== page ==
PERGE: Green Dessert (2014)
Updated: Apr 13
“Although it surfs on the moods of Tangerine Dream's analog years, Green Dessert breathes of the same originality as their splendid Dyad”
1 Inconsequence 20:35
2 Cyclical 14:39
3 Movements of a Divisionary 9:04
4 Bronsium Echoes 11:04
(DDL/CD-r 55:23) (V.F.)
(Retro and New Berlin School)
An undulated synth line is floating like a cloud of mist, bringing with her some other lines of which the ambient reflections juxtapose together in a glistening meditative symbiosis. A delicate flute pierces this fog filled of metallic drizzles. Its chant, however frail it is, rises beyond the sonic cumulus, lulling even more the dreams of the dreamer who tries to know what do Inconsequence sounds like. At the very least its intro. Something like the music of Tangerine Dream's own Green Desert or yet the era of Encore. Birds' chirpings decorate these seraphic ambiences while the synth lines are getting more nasal. A structure of rhythm, as hesitating as timid, makes skip some delicate sequences of which the stealthily approach gives the excitement of the rhythm to percussions and at their knocks felted of cosmic gas. Superb floating solos are singing and blows more fluty airs over a structure which gradually takes an undulatory rhythmic flight. We swim in the full years when the analogue, and its rhythms built on imagination, used to amaze each time. Although knit in the stitches of Tangerine Dream's memories, this era between Peter Baumann and Johannes Schmoelling, Inconsequence continuous its evolution on whom get grafted a seraphic choir. So, their oneiric chants enchant a thick cloud of synth lines with colors as heavy and slow, as its rhythm in perpetual hypnotic rotation.
One should not see, nor hope, in this Perge's GREEN DESSERT for a copy of the same work from Tangerine Dream. Although this last album of Perge surfs on the ambiences of the analog years of the mythical trio, which is completely new compared to the first works of the English duo, this last album of Matthew Stringer and Graham Getty breathes the same originality as the superb Dyad album. Obviously when we look at the cover and that we take knowledge of the genesis, we can only smile at this very satirical wink which surrounds the mysteries of the real Green Desert. But are we really in these lands? Let's hear it! After its ambient introduction, Cyclical exhibits a rather digital rhythm à la Cool Breeze of Brighton. Matthew Stringer goes there with very good solos that are very personal to him. And yes, it makes you want to immerse yourself in the wild ambiences of Parisian Dreams! On the other hand, Movements of a Divisionary takes us squarely into the twisted moods of Movements of a Visionary from the album Phaedra. It's like seeing your reflection through a mirror with a tangled face. There is only the piano passage, which is stripped of its stringy envelope even if the melody remains sibylline. Bronsium Echoes picks up where the circular but increasing rhythm and the virgin harmonies of Inconsequence have left us. And slowly the rhythm misleads its keys in morphic envelopes which recall to me the dreamy analog years of Neuronium with Chromium Echoes. That shows how Perge can diversify both its style and its approach, that it's also able to flirt with both analog and digital tones and that above all this duo is able to surprise and charm despite all the controversy and the too easy etiquette that some of us would like to put on Perge.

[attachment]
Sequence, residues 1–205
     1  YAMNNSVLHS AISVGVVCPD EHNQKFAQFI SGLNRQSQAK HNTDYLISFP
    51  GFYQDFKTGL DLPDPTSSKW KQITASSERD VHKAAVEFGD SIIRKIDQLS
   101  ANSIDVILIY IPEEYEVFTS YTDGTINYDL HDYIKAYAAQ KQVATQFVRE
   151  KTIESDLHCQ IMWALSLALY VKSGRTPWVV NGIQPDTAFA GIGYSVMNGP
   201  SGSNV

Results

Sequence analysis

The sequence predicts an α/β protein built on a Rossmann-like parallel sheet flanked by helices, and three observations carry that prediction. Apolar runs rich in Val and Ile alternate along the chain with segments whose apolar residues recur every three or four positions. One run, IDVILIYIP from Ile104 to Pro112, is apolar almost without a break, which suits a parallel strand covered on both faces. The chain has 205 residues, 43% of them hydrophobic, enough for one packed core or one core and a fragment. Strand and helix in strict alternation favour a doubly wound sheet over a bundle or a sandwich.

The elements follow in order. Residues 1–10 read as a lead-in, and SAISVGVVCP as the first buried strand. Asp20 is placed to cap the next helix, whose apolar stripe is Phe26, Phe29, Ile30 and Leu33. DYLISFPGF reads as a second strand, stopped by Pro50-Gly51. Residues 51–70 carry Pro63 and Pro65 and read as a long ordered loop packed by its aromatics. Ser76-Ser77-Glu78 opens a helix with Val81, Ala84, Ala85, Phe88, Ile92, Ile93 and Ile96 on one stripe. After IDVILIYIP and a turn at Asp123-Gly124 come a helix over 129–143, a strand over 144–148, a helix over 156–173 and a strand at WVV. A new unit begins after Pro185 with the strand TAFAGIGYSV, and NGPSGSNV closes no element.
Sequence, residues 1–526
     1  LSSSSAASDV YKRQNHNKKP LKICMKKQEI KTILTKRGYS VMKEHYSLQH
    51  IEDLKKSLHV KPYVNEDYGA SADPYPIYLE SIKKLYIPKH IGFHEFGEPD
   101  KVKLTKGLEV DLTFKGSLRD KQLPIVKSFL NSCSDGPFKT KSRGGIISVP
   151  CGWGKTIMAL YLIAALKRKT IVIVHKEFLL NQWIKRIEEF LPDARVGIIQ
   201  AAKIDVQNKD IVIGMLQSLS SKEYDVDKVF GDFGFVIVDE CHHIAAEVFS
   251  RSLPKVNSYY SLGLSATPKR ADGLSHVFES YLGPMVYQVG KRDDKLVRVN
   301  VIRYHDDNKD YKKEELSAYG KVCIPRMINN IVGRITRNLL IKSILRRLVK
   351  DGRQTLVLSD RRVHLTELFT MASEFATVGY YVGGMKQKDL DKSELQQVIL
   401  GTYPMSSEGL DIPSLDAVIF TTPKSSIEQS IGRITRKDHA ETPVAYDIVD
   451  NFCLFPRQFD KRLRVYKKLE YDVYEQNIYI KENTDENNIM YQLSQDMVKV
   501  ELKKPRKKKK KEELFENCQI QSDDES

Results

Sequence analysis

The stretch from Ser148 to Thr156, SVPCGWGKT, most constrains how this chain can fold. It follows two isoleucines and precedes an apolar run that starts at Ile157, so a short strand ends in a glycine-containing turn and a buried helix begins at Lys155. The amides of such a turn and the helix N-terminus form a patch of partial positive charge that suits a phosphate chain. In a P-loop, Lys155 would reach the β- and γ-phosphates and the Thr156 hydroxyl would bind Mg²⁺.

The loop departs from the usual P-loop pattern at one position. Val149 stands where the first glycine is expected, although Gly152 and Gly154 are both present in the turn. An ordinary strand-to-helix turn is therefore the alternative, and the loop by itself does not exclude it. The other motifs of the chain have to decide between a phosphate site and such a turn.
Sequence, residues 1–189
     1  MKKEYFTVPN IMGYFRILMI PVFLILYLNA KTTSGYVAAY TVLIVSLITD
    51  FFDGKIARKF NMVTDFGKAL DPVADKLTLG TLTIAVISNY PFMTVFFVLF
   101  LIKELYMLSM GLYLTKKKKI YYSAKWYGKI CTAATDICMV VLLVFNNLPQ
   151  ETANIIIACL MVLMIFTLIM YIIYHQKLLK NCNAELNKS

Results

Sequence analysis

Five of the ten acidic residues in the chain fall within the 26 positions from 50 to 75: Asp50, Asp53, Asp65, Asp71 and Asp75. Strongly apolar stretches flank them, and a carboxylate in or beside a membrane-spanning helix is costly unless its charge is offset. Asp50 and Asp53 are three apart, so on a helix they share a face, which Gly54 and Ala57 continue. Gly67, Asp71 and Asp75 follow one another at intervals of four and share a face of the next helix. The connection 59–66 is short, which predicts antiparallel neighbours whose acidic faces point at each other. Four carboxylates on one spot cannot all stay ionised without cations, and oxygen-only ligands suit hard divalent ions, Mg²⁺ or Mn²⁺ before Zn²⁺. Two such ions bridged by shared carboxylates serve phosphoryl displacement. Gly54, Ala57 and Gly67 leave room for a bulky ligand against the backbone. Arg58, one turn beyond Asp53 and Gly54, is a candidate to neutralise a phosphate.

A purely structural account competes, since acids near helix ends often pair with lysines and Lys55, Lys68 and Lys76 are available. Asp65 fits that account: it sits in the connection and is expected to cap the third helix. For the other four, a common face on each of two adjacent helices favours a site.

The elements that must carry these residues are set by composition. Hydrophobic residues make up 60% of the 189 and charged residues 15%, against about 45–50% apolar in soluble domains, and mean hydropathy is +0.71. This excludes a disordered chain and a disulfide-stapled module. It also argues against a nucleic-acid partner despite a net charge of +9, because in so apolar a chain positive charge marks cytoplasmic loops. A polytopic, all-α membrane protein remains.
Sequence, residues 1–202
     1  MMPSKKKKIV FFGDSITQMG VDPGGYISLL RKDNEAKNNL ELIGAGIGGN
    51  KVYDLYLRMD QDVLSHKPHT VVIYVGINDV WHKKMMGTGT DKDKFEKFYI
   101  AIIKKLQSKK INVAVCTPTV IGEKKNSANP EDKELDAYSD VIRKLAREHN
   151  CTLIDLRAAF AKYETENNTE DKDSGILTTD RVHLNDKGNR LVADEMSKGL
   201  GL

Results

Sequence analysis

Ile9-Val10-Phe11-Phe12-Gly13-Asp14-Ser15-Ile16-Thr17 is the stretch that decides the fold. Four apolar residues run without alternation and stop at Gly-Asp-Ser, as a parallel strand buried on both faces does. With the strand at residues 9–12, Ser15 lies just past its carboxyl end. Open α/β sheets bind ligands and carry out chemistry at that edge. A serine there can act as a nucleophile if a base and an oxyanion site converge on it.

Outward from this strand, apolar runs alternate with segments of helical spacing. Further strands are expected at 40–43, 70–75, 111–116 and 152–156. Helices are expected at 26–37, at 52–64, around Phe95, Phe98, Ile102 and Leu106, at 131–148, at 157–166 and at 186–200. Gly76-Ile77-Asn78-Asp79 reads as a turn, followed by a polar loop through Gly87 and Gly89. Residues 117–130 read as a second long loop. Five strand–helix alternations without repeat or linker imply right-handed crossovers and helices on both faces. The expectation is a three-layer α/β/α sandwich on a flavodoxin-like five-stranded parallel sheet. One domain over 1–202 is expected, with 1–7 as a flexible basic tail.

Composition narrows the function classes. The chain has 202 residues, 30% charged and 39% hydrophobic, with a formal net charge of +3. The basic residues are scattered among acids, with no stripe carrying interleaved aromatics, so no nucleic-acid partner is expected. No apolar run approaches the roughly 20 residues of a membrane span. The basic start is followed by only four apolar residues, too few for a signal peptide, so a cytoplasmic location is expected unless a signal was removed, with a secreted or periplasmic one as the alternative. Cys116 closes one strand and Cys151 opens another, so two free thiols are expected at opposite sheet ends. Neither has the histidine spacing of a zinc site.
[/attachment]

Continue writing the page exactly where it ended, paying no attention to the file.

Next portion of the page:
Sylvain Lupari (September 2nd, 2014) ****½*
Available at Perge Bandcamp